That’s the physiology underneath Respiratory Imbalances.  Now let’s look at how it plays out in a patient.

Causes of Respiratory Acidosis and Respiratory Alkalosis

There’s two primary mechanisms you’ll see with respiratory imbalances:  breathing too fast (hyperventilation) and breathing too slow (hypoventilation).  Whenever you analyze a question about respiratory imbalances, remember to think about what’s happening to the CO2.

If someone is hyperventilating, then they are “blowing off” CO2, which means they are getting rid of it.  So it is decreasing in the body.  That means H+ is decreasing, too, which causes pH to increase and become more basic.  You can help a patient reverse this by helping them to retain more CO2.  That’s why the classic “breath into a paper bag” trick is so frequently used to help with hyperventilation.  It’s a way to help the patient “rebreath” some CO2 to get it back into their body and start decreasing their pH again.

If someone is hypoventilating, then they are retaining CO2, which means that CO2 levels in the body will be steadily increasing.  Of course that means H+ is increasing, too, which causes pH to decrease and become more acidic.

Once you understand of the physiology of Respiratory Imbalances, it’s easier to start thinking like a nurse.  Suddenly it makes a lot more sense why COPD and pneumonia patients are at increased risk of developing Respiratory Acidosis.  These types of illnesses make it difficult for patients to get rid of CO2, so it builds up in their body (along with H+!).

Taking the time to understand how and why symptoms or illnesses develop and interact will always be easier then trying to memorize a different list of symptoms for each disease (have you SEEN the long list of COPD symptoms??).  It cuts down on your total study time and builds up your confidence in your nursing knowledge.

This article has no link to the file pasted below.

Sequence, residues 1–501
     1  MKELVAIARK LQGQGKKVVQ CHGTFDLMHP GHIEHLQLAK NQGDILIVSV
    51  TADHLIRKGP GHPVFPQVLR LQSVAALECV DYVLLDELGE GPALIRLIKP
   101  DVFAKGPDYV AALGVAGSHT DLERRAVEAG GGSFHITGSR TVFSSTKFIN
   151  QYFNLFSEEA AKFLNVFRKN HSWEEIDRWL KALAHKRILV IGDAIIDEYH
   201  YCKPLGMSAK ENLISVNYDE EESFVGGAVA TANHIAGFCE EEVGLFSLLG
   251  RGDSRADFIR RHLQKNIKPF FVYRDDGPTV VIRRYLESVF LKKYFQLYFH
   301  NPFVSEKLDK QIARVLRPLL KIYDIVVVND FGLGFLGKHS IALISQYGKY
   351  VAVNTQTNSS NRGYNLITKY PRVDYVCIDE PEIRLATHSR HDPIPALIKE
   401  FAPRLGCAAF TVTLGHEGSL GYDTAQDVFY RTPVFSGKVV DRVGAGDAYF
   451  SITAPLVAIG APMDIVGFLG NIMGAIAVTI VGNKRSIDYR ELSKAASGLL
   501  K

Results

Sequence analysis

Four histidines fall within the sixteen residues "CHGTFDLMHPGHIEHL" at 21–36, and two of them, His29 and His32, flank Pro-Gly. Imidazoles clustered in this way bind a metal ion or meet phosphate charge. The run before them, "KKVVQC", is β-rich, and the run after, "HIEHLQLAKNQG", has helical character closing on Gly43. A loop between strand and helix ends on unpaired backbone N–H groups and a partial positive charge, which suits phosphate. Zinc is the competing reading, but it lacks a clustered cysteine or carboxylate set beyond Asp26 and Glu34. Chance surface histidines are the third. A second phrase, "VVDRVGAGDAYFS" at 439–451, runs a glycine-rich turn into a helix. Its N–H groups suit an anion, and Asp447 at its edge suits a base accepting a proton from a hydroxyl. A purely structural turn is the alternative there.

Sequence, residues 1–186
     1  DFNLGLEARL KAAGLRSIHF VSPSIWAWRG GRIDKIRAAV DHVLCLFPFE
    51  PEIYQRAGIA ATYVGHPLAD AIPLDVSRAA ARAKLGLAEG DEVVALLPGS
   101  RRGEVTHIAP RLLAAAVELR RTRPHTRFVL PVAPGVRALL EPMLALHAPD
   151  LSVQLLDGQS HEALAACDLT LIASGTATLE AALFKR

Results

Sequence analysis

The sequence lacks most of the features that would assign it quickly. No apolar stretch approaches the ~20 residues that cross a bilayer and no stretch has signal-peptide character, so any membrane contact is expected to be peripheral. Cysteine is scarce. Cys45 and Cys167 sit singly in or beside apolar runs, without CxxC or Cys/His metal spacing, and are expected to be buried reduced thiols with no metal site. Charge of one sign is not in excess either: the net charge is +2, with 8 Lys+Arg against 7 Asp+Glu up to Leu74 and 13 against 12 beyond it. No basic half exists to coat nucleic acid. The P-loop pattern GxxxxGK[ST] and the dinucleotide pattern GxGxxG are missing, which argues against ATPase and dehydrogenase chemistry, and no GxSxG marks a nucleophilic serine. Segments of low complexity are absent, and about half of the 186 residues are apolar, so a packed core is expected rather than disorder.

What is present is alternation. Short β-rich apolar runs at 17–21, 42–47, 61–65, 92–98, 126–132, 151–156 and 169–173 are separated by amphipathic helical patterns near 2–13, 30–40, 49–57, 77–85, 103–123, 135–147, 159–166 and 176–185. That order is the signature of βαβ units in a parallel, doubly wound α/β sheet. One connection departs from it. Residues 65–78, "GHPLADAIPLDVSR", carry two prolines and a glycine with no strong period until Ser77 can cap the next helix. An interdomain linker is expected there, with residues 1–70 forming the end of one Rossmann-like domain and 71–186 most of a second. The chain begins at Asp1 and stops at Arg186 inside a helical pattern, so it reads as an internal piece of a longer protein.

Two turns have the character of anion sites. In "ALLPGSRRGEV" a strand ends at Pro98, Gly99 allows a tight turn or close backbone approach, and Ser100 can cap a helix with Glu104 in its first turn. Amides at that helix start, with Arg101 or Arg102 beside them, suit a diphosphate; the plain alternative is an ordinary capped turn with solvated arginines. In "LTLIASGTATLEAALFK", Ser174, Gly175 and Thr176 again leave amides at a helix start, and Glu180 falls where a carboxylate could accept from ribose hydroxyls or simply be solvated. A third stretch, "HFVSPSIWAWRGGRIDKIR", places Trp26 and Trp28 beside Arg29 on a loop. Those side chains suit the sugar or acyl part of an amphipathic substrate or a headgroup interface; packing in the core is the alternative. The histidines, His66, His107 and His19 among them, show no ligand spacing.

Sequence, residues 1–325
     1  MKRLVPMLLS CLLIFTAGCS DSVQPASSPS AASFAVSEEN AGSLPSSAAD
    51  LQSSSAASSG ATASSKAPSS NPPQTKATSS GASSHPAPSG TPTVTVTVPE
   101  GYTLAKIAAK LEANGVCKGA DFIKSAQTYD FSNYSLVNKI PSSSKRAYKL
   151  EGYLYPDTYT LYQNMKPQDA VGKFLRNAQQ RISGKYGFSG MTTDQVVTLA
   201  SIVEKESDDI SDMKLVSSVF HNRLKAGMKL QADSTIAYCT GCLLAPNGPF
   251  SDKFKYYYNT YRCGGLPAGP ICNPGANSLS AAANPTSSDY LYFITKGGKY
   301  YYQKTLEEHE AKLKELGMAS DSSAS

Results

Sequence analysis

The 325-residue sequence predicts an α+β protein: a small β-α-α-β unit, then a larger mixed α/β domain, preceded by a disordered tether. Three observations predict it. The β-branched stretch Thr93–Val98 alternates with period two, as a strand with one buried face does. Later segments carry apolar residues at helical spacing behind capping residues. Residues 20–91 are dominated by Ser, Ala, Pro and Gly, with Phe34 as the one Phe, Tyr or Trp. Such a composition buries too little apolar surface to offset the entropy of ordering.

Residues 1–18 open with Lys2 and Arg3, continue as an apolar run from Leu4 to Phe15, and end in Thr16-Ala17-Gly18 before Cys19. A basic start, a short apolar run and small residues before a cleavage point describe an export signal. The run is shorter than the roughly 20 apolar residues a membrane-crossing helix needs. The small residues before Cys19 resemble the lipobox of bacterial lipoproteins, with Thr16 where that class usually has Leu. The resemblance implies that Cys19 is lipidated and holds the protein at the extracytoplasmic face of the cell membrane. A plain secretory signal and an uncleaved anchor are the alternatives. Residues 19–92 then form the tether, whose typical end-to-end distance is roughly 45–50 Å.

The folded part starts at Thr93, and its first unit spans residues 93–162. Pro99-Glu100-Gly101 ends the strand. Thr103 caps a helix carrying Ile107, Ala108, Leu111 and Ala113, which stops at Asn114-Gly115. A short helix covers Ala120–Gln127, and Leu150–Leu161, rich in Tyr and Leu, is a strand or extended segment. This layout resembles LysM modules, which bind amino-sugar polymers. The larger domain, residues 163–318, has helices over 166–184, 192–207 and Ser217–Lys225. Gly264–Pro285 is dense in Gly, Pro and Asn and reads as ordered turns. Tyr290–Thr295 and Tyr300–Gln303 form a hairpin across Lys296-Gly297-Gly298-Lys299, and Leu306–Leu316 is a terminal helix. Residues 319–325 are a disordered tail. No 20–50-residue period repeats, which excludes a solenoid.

I hope this article helped you in your quest to think like a nurse!  Got a question or comment about Respiratory Acid-Base Imbalances?  Leave a comment below and let me know!

6 thoughts on “Respiratory Acid-Base Imbalances”

  1. manar

    very nice . thanx for the effort

  2. Anna

    I’m a LPN in school finishing my RN, and I never understood this. After reading this article I do and it makes sense. Thanks!

  3. Eniko

    I almost finishing first semester of nursing , having a final and the last test , but I need to know the fluid and electrolytes imbalances . I would appreciate any help to memorize and understand the whole concept . Thank you Eniko

  4. stacie

    wow, makes a lot more sense now! thanks! first semester nursing student here try to get this straight in my head,

    1. Glad it’s making sense to you! If you can get this stuff mastered in your first semester, then you’re getting a great start. Good luck!

  5. Pingback: Metabolic Acid-Base Imbalances